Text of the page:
Leaks are bad, no matter if they are in Congress or in your rebreather loop.  They are annoying and dangerous.
Prior to diving we should all use a check list and do our pre-dive checks, two of which are the “positive and negative” tests.  Their purpose is to detect system leaks  before entering the water.  We pressurize the loop for a positive test and draw a vacuum for a negative test.  We then look for changes in counter lung volume and or listen for hissing sounds.  If they deflate, inflate or hiss we suspect a leak.  If they hold pressure and are silent we say they passed and are safe to dive.
But, are they?  It is quite possible you have a leak that eludes this process.
The Mouthpiece
Probably the most common leak is from a split or torn mouthpiece.  It can also be quite difficult to find.  A tiny tear or hole in a mouthpiece can present quite the mystery.  The loop will pass positive and negative testing and seem fine. Then, during the dive you hear that ever so annoying “gurgling” sound.  You listen for bubbles and hear none.  You signal your buddy to check above you looking for leaks and he tells you there are none.  But you keep draining the water from your loop so it has to be coming from somewhere.  To further complicate things, the loop might only take in water on inhalation or when you tilt your head in a certain position.  You may look for the leak on every exposed part of your rig and not find it. 
So what Do You Do?
If you are getting water in your loop and cannot find the source, even after checking all of the prime suspects, change the mouthpiece, even if it looks good.  This will often solve the problem or at the very least eliminate the mouthpiece as its’ cause.  Sometimes the leak is so minuscule that only an exaggerated stretch, bend or twist will reveal the tear or pinhole.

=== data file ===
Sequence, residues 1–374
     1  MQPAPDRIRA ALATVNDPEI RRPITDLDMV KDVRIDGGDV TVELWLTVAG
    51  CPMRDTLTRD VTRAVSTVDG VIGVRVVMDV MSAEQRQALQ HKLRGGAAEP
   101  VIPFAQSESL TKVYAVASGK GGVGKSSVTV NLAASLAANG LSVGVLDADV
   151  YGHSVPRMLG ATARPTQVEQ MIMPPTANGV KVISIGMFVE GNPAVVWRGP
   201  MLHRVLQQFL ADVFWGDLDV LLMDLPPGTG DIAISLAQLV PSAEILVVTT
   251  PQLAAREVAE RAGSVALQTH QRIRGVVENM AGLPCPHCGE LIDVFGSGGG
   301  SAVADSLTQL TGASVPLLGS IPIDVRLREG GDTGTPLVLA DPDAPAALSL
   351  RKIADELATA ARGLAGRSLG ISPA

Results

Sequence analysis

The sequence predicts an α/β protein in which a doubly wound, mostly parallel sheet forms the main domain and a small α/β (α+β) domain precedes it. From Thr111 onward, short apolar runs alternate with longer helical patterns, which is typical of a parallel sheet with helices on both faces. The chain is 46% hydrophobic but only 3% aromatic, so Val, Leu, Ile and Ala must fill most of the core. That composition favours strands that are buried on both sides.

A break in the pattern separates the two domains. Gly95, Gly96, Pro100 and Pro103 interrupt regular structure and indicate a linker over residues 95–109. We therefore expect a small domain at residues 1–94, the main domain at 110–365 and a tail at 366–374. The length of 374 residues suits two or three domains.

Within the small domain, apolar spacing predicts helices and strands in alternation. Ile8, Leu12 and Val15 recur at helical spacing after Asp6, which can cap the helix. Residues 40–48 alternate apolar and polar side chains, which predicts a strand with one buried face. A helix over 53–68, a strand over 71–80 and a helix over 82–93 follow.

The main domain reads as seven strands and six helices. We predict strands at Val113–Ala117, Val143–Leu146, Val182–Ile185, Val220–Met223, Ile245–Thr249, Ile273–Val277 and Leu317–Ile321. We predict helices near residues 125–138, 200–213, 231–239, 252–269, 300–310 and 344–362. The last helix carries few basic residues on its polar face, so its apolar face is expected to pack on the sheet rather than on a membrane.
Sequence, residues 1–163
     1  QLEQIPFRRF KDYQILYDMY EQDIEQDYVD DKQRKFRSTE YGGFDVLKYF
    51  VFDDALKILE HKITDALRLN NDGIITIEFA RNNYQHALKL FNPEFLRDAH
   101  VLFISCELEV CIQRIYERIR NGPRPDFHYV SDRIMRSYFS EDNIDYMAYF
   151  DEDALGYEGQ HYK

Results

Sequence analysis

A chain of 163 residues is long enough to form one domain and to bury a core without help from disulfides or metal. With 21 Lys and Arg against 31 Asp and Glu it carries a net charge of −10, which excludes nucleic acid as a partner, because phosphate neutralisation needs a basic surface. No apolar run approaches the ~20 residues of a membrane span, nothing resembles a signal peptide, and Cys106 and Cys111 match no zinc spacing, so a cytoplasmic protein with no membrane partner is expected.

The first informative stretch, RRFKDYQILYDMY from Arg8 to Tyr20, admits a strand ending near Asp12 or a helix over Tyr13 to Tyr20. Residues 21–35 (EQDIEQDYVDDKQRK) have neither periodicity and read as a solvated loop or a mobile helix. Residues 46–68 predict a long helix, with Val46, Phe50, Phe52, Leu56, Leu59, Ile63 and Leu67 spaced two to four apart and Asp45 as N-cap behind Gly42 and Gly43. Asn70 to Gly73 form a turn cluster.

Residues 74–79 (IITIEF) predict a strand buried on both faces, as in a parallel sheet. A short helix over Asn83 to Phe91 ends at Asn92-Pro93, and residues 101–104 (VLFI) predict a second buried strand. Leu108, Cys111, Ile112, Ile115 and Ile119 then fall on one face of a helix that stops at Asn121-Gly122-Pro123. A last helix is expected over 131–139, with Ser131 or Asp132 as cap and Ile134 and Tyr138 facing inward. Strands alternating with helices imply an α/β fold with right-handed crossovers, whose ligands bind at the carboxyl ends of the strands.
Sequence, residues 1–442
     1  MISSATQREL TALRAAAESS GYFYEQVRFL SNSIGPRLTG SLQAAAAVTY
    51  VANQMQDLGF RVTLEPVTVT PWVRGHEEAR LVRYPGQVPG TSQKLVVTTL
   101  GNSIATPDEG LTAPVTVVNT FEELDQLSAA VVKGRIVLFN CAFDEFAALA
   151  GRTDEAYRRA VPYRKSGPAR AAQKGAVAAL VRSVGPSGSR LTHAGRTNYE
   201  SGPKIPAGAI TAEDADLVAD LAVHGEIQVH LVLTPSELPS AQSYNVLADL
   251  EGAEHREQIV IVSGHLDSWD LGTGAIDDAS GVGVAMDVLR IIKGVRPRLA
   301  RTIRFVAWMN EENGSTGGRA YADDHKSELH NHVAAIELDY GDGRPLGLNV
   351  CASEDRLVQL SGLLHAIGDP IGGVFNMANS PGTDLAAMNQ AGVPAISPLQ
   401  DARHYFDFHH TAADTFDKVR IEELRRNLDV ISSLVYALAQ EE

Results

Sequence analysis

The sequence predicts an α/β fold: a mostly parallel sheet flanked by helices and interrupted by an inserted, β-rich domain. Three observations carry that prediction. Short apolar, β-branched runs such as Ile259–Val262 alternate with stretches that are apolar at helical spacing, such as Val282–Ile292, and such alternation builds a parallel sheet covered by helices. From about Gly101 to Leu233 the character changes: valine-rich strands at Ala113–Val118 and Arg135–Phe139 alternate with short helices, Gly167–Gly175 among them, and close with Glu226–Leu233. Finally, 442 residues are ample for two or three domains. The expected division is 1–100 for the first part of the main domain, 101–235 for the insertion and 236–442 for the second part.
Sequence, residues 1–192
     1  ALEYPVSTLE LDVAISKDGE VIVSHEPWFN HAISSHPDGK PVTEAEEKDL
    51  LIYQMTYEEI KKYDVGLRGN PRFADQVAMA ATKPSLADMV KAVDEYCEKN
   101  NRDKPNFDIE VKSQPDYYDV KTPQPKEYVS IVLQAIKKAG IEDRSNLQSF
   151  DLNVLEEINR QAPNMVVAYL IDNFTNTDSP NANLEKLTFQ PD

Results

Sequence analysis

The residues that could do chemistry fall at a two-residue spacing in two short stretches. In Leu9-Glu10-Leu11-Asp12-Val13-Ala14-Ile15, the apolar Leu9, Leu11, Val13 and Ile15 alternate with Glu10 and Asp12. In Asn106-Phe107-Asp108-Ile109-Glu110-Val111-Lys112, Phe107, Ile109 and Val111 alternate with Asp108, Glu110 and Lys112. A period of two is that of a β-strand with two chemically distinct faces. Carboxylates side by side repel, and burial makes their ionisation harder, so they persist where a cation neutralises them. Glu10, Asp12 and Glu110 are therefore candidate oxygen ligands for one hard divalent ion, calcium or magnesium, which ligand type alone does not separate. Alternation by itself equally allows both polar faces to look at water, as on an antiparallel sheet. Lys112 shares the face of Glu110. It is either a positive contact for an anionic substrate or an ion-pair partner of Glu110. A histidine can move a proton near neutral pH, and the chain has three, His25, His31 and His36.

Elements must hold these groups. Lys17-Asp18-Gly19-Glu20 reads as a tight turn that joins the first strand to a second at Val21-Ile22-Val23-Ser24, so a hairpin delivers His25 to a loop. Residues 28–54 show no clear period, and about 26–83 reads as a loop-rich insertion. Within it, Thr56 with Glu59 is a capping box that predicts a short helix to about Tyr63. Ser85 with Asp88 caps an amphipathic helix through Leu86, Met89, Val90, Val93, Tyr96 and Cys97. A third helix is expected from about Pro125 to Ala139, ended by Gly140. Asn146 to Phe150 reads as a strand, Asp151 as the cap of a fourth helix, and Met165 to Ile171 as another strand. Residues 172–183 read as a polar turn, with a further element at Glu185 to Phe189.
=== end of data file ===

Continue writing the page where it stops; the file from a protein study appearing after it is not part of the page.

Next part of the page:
Sometimes the cause of the leak is not a tear or a pin hole.  Believe it or not, if your DSV or BOV is angled incorrectly it will cause the side of your mouth to twist open when you move in certain positions and allow water in.  This could potentially cascade into a very unpleasant event if it causes the loop to pop out of your mouth.  If you are fighting your loop to keep it in your mouth straight it needs to be adjusted to fit you properly.  Loosen the hose clamps and move it so it sits at the same angle as your mouth and does not pull up, down or sideways.  Of course be sure to retighten the hose clamps properly.
Loop Hoses
A small split in the crevices of a loop hose can be very difficult to find.  It may only leak when the hose is stretched or turned in a specific way.  All other times it may be fine.  Because of this it is important to perform a visual inspection of your hoses as part of your pre-dive ritual.  Do this when you check your mushroom or flapper valves by stretching the hose.  Look for cracks or splits in the crevices between the ridges and where they are clamped to anything (DSV, TEE Pieces etc.).    Anything suspect should be visually inspected and tested with a soapy water bubble test or by submersion.  Remember, this type of leak can easily pass your standard positive and negative testing, so while I am not suggesting it is something to be paranoid about, it is not something to ignore.  This is why I do not like hose covers.  They may look cool but can conceal dangerous leaks.  High quality loop hoses are quite robust and do not need covers.